Blvk H3ro cannot be boxed in as a singer. He effortlessly glides between a high bass, a soaring tenor and a powerful yet delicate falsetto. He is as skilled as a rapper as he is as a singer and does some mean singjay (a mix of singing and MCing) as well. But it’s his interpretation of both the music and lyrics which really stand out.
On many tracks, he sublimely flips between tight-lipped (horizontal) vocals to an almost booming, open-mouthed (vertical) style. It ups the passion in his delivery well. As with the music, vocally Blvk H3ro displays elements of a multitude of genres. From his RnB-like rhythmically intricate vocals on Can I (Show Ya) to his neo-soul, Maxwell-like use of the falsetto on Skydive via some banging reggae singjay on Watch Yuh Step.
His cover of Stevie Wonder’s Superstition is a masterclass in vocal performance:
Blvk H3ro has also created a politically, socially and spiritually conscious album. He deals with a multitude of issues, ranging from spiralling poverty and deprivation in Jamaica to the failings of the system, via classism and the legalisation of cannabis. You can hear us discuss all this on the #ToppleUncaged podcast.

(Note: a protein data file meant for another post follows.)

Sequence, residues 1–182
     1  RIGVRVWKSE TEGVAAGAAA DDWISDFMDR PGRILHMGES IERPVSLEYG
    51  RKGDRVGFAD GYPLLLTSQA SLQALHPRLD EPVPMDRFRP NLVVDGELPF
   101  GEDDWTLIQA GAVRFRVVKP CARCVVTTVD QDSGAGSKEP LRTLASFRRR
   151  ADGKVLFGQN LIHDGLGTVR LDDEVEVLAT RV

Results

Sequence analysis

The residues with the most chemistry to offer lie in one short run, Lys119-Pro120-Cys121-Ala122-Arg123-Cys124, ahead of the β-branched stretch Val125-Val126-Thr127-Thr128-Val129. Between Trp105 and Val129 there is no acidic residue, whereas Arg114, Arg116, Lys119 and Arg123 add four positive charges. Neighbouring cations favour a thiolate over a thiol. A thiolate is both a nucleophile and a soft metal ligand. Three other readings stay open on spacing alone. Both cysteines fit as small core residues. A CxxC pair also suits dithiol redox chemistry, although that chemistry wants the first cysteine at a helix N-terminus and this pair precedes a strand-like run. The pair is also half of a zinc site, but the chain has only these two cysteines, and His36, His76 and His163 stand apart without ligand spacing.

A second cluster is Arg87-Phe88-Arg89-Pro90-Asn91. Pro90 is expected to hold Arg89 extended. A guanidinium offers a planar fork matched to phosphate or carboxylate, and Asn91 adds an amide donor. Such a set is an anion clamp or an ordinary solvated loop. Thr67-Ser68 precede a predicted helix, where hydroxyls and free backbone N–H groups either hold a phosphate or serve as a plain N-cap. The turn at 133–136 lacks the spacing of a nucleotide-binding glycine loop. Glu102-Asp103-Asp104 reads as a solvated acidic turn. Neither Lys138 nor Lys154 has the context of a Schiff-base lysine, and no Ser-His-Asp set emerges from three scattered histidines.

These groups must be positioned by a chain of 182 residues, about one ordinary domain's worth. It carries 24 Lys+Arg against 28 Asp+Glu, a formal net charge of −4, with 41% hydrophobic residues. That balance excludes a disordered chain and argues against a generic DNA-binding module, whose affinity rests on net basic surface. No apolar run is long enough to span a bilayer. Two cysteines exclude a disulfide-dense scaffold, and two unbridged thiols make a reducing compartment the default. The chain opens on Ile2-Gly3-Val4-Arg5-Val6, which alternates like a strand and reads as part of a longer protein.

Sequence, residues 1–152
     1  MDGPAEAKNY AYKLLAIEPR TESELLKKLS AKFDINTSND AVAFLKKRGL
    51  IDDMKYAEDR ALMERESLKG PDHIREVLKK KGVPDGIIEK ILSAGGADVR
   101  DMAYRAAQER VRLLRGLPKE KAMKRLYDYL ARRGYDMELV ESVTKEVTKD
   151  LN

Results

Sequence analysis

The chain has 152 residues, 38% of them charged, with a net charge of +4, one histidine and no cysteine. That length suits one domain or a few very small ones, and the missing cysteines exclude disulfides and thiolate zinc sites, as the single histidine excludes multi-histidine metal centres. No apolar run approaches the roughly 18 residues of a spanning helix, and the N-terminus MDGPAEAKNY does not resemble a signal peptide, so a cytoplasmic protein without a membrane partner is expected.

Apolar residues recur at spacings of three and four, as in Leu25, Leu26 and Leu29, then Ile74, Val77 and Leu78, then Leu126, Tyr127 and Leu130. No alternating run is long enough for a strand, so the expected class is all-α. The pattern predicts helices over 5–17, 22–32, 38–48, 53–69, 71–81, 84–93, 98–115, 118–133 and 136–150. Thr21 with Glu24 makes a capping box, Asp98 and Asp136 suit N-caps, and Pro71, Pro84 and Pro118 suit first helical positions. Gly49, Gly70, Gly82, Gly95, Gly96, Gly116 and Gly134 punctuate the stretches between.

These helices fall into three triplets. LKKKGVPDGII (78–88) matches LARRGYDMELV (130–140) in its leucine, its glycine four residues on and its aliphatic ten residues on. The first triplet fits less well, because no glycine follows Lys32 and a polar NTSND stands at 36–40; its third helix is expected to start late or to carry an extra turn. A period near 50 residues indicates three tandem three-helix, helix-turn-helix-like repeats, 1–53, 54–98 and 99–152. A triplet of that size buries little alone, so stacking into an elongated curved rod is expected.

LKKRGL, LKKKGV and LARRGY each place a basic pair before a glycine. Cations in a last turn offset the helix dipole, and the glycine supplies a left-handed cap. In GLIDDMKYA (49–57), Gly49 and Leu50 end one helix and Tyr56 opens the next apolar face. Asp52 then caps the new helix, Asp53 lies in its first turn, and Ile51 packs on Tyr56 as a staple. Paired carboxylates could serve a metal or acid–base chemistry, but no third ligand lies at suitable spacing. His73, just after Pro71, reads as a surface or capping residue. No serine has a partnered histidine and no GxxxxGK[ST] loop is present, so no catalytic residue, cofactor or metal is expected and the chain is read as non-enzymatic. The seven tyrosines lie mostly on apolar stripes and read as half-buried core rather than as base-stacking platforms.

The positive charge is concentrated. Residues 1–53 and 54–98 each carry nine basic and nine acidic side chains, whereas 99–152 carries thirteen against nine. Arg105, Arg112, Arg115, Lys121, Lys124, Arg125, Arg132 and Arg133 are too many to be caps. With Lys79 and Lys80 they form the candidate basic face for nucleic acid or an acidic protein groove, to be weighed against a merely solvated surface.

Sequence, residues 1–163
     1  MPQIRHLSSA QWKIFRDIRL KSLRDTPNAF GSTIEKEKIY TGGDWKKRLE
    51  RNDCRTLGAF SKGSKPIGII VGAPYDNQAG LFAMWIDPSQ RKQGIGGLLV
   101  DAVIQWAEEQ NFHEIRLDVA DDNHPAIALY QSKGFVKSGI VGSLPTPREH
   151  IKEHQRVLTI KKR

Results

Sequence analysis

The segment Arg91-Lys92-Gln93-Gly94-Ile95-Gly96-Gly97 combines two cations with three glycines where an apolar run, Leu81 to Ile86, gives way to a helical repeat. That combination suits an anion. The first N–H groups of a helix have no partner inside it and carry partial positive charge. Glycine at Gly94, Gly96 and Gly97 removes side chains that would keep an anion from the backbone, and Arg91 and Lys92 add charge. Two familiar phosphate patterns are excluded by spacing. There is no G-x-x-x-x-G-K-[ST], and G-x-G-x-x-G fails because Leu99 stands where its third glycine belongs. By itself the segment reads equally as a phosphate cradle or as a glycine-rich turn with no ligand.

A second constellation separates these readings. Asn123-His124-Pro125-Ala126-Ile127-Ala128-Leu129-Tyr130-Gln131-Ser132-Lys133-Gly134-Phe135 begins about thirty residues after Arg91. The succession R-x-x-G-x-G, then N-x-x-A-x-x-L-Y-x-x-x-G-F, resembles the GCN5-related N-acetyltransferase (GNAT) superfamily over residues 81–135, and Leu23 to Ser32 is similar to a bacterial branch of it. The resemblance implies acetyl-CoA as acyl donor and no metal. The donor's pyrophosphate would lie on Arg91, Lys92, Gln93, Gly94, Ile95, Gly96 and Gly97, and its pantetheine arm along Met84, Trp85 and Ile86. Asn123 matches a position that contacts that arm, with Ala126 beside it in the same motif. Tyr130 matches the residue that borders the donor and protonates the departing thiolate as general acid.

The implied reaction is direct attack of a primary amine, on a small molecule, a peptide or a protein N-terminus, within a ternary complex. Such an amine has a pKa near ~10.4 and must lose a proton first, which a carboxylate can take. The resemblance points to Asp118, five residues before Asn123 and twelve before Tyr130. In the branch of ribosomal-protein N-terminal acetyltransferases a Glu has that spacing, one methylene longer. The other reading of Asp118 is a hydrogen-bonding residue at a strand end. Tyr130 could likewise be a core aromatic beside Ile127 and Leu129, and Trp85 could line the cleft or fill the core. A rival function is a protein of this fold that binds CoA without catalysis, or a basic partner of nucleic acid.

His own, personal stamp
Back to the music, and he also doesn’t miss the opportunity to bring his own, scintillating style to some more on-trend genres.
Take M.A.R.Y. What Blvk H3ro has done is ingenious. He’s flipped the Toronto hip-hop/RnB sound, which is characterised by ambient vibes, heavy use of synths and all mashed with trap/drill BPM (beats per minute). Synth strings wash around the arrangement, changing pitch at every second bar which creates a sense of seductive flow. The snare taps on the third beat, making the track seem half the tempo it actually is. The pulsating, slightly gritty synth bass lulls across bars, nodding subtly at dancehall. But this is all contrasted with rapid fire vocals on the verses, and chattering, agitated percussion in the background. Who needs Drake, when you’ve got Blvk H3ro?